British ultra runner Dan Lawson has started his attempt to break the 874 mile record for running from John O’Groats to Lands End.
The former European 24hr champion started his John O’Groats to Lands End (the JOGLE) attempt from the northern tip of Scotland on Monday (August 13) aiming to break Andi Rivett’s record of nine days and two hours. The record has stood since May 2002.
“Why not?” said the Great Britain athlete. “I’ve thought about giving it a go for a while now and it just unfold that this year there was time to really give it a crack.”
“I’ve been inspired by Richard Brown [former JOGLE record holder] and his stories of the record run. It’s an iconic British ultra run and something I’ve always dreamed about trying.”
Richard Brown, still the British 48hr record holder, held the record twice. Famously losing the record to Don Ritchie one year Brown send a congratulatory letter telling Ritchie “congratulations on your record, enjoy it until I get it back”.
Long legged Brown is a fantastic character and is a driving factor behind a strong British 24hr running scene currently. As team manager he inspired the likes of Lawson into the 24hr format and his support over the years for British ultra running has been phenomenal. The Dorset based walker/runner will be joining the JOGLE attempt for the second half.
Having run and walked the route in 10 days, 2 hours and 25 minutes, Brown will be able to provide advice from extremely high quality experience.
Several have attempted the JOGLE record in recent years, but mostly hugely underestimating the task and the record. One even saw a runner seemingly travel in a van, another resorted to using a bike.
Lawson is one of only a few runners that might legitimately have a chance of breaking the record. His pedigree includes multiple world class performances over the ultra distances. These include a European 24hr Championship, a course record at the 400km Ultra Gobi desert race and under 24 hours for the historic Spartathlon.
“Dan is probably the UK runner with the best chance of breaking such a stout record,” said Fast 10 runner James Stewart. “It’s an itch I personally have too so I’m watching Dan’s progress furiously each day. Luck will play a part but f anyone can challenge this FKT it’s Dan.”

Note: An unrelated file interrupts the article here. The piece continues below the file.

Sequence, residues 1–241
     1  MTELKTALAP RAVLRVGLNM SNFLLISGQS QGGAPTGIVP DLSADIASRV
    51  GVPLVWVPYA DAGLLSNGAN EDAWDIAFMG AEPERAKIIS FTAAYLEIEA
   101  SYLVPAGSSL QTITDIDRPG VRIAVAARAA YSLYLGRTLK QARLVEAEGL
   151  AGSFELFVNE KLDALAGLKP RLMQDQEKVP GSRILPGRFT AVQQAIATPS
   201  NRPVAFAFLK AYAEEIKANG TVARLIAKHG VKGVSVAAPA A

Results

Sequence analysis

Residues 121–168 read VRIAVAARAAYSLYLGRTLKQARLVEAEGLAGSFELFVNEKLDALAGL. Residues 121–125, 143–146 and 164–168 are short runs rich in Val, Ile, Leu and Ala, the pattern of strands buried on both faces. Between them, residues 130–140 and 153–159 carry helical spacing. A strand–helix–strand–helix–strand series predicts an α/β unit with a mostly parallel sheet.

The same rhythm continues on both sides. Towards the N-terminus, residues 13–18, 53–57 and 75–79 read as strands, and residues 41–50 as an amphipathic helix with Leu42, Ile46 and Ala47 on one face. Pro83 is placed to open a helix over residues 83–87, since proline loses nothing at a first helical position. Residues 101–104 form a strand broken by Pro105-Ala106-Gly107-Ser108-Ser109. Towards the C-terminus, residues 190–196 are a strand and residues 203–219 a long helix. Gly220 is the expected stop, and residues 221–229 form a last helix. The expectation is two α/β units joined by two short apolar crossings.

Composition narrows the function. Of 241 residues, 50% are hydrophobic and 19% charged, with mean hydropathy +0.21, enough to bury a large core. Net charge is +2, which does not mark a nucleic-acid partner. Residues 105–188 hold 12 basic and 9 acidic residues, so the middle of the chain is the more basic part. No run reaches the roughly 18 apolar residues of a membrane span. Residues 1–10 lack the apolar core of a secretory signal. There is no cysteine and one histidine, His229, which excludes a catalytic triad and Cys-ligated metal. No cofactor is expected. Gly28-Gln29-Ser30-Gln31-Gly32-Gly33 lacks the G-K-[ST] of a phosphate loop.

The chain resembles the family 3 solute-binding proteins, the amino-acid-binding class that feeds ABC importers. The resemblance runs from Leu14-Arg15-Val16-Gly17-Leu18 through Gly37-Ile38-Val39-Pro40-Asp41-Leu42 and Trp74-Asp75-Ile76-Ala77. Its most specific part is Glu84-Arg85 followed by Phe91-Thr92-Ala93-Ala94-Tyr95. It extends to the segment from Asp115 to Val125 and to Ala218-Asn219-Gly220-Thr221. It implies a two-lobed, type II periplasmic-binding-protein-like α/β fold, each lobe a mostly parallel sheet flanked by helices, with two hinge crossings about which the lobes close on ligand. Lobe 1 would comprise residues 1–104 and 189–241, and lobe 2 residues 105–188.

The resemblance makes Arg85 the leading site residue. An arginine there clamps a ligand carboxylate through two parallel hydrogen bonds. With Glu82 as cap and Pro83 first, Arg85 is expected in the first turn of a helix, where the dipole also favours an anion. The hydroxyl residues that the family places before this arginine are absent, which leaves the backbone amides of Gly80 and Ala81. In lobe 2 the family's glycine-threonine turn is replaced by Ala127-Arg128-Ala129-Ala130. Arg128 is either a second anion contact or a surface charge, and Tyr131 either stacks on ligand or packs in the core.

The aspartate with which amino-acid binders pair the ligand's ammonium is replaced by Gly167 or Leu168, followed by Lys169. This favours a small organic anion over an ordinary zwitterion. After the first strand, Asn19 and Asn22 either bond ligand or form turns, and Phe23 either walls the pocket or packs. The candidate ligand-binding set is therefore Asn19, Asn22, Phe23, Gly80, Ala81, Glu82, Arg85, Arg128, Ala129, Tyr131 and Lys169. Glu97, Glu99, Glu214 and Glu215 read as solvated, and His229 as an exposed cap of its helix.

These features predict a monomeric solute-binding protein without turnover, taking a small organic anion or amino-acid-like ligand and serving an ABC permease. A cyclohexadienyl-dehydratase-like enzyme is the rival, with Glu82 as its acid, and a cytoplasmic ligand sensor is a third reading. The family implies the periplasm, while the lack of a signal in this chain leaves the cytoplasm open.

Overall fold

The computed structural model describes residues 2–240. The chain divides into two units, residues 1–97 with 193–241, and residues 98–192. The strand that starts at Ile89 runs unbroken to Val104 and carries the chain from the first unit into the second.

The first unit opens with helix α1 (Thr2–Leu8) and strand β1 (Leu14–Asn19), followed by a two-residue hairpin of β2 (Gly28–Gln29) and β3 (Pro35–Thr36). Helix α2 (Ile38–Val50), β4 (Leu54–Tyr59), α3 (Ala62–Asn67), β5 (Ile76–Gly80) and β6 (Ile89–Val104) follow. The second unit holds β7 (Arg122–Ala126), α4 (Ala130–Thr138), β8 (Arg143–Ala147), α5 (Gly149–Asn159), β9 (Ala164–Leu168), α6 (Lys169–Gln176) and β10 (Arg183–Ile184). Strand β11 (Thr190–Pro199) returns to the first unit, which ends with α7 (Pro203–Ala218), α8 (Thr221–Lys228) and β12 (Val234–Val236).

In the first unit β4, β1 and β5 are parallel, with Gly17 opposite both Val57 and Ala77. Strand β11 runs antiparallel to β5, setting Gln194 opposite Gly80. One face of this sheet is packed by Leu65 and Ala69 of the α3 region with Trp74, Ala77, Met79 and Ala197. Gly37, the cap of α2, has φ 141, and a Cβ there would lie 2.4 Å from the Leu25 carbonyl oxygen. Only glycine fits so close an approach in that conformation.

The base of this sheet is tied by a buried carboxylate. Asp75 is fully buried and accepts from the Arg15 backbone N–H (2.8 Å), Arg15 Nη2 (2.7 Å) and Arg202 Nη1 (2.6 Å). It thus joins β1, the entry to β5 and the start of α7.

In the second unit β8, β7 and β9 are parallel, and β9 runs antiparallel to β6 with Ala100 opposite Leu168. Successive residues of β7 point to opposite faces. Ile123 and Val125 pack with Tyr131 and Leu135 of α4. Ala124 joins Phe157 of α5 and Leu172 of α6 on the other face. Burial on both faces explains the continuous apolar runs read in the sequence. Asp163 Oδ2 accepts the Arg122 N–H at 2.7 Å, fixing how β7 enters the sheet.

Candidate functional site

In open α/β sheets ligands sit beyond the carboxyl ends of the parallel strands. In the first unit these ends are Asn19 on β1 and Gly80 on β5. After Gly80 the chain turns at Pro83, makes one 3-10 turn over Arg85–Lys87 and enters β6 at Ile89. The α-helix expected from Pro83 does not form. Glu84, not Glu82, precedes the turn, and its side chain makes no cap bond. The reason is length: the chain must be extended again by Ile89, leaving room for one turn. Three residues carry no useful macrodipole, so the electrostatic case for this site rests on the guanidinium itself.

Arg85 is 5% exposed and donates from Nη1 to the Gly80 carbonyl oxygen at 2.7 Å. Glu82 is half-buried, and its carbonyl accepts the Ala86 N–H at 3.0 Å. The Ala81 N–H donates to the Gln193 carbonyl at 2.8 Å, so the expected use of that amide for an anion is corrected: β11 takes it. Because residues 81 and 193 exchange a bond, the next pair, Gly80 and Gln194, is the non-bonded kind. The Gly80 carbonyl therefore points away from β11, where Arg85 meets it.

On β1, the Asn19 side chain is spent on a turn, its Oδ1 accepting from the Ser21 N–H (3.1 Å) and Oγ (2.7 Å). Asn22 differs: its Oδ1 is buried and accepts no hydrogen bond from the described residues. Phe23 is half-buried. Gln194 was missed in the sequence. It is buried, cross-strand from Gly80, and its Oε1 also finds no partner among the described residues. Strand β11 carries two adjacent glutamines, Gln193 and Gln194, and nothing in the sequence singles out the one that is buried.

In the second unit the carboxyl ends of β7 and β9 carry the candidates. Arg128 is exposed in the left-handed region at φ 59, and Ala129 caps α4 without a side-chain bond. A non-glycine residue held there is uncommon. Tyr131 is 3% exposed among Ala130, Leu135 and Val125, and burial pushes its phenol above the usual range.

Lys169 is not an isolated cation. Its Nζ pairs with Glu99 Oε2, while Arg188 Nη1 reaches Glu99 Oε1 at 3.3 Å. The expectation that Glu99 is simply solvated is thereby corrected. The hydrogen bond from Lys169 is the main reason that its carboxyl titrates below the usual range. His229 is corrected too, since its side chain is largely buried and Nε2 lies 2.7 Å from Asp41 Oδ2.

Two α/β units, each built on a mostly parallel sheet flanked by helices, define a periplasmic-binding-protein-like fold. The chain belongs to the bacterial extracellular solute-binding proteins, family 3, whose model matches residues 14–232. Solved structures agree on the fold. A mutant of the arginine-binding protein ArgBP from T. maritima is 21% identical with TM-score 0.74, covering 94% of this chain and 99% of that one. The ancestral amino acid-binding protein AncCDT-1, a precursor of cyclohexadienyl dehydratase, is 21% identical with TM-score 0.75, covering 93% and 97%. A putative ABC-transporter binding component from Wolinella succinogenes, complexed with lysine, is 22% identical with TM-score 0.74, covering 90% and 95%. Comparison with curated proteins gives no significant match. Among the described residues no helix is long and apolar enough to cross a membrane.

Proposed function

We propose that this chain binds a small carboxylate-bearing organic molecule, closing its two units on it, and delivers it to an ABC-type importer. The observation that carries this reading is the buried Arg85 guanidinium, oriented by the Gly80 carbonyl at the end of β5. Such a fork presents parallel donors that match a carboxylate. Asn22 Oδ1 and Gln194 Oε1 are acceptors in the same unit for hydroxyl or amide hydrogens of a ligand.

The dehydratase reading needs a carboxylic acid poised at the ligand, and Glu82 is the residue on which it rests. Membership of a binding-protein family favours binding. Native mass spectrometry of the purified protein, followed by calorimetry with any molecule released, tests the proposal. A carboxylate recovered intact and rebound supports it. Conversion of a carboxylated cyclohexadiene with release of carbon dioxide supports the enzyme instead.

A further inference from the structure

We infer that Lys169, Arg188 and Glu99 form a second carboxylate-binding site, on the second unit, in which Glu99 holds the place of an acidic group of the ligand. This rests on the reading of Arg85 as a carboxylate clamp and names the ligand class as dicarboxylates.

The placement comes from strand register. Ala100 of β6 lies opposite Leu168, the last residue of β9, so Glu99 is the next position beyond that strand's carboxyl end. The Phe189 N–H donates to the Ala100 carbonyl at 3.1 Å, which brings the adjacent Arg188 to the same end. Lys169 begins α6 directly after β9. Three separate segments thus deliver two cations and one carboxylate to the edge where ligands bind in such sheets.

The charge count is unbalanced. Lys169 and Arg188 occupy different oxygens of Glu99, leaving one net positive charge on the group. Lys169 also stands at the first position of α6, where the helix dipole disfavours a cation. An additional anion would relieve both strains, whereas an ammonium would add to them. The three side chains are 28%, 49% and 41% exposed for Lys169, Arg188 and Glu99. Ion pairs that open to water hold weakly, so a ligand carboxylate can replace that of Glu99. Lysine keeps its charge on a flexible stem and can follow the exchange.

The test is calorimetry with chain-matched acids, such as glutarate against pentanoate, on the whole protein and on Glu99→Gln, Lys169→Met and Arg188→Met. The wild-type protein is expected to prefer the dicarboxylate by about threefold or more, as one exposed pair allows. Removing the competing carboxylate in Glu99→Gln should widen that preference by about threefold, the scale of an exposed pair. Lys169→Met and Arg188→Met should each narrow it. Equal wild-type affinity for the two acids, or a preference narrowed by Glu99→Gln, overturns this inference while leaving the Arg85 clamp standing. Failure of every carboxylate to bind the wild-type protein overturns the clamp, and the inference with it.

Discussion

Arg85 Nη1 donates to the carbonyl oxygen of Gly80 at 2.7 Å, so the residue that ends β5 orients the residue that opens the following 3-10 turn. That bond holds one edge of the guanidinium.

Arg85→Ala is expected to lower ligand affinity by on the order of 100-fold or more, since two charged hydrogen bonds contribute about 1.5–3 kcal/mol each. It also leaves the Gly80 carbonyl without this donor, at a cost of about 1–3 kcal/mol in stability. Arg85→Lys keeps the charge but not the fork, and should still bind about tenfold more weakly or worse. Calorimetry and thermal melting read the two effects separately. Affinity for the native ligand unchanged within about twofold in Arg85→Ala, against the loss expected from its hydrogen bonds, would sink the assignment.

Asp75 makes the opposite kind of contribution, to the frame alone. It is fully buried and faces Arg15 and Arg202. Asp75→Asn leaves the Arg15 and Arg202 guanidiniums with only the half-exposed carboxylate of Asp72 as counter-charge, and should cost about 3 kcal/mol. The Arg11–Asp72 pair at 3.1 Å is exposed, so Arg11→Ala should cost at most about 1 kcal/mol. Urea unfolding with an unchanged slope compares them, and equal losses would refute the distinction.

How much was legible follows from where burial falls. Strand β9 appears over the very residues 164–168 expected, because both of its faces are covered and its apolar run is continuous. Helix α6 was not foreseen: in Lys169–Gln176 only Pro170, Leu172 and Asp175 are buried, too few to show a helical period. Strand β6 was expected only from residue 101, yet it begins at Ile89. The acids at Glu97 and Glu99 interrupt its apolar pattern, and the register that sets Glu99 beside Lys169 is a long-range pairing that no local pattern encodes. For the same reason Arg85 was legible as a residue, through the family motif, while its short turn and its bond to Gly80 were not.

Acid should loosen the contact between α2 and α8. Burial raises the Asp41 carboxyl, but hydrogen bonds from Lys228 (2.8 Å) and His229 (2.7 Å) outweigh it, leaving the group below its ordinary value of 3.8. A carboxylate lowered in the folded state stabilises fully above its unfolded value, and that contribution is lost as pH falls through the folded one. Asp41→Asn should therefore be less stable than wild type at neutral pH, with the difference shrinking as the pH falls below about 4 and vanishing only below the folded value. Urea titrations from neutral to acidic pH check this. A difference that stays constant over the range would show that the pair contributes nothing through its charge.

When asking the runner what he was most looking forward to one might expect him to mention the finish, but “the journey is what drives me. It’s going to be so wonderful to really get to see the whole of the island and watch landscapes slowly change.”
“The crew is everything too. I’m looking forward to sharing this journey with them and I wouldn’t be able to attempt such a record without their help.”
Lawson will be assisted by his wife Charlotte Jalley, former record holder Richard Brown, Great Britain crew chief Michael Seymour and a whole host of experienced and friendly faces along the way.
The runner’s biggest fear? “My biggest fear is letting the crew down. They give so much time and energy so I want to give it my best effort in return.”
Also worth mentioning is that Lawson will be running the whole attempt in second hand, or pre-loved, clothing. The social enterprise ReRun Clothing was set up by Jalley and Lawson as they saw a huge amount of waste within the running industry.
The biggest number of donations the team have seen are old race t-shirts. Everyone reading this probably has a handful sat in their cupboard too. Their aim is to raise awareness of the wastefulness within the running industry and try reduce this.
Anyone who’s a fan of dot watching (it’s more addictive than you think) can follow the record attempt via Open Tracking here.
Lawson is currently approaching Inverness on day two of his epic run, having covered around 90 miles on the first day.
The team is also aiming to update to Strava during the run and day one can be found here.
Fast Running will attempt to bring regular updates of the runner’s progress across the country and insights from the crew during the nine day record attempt.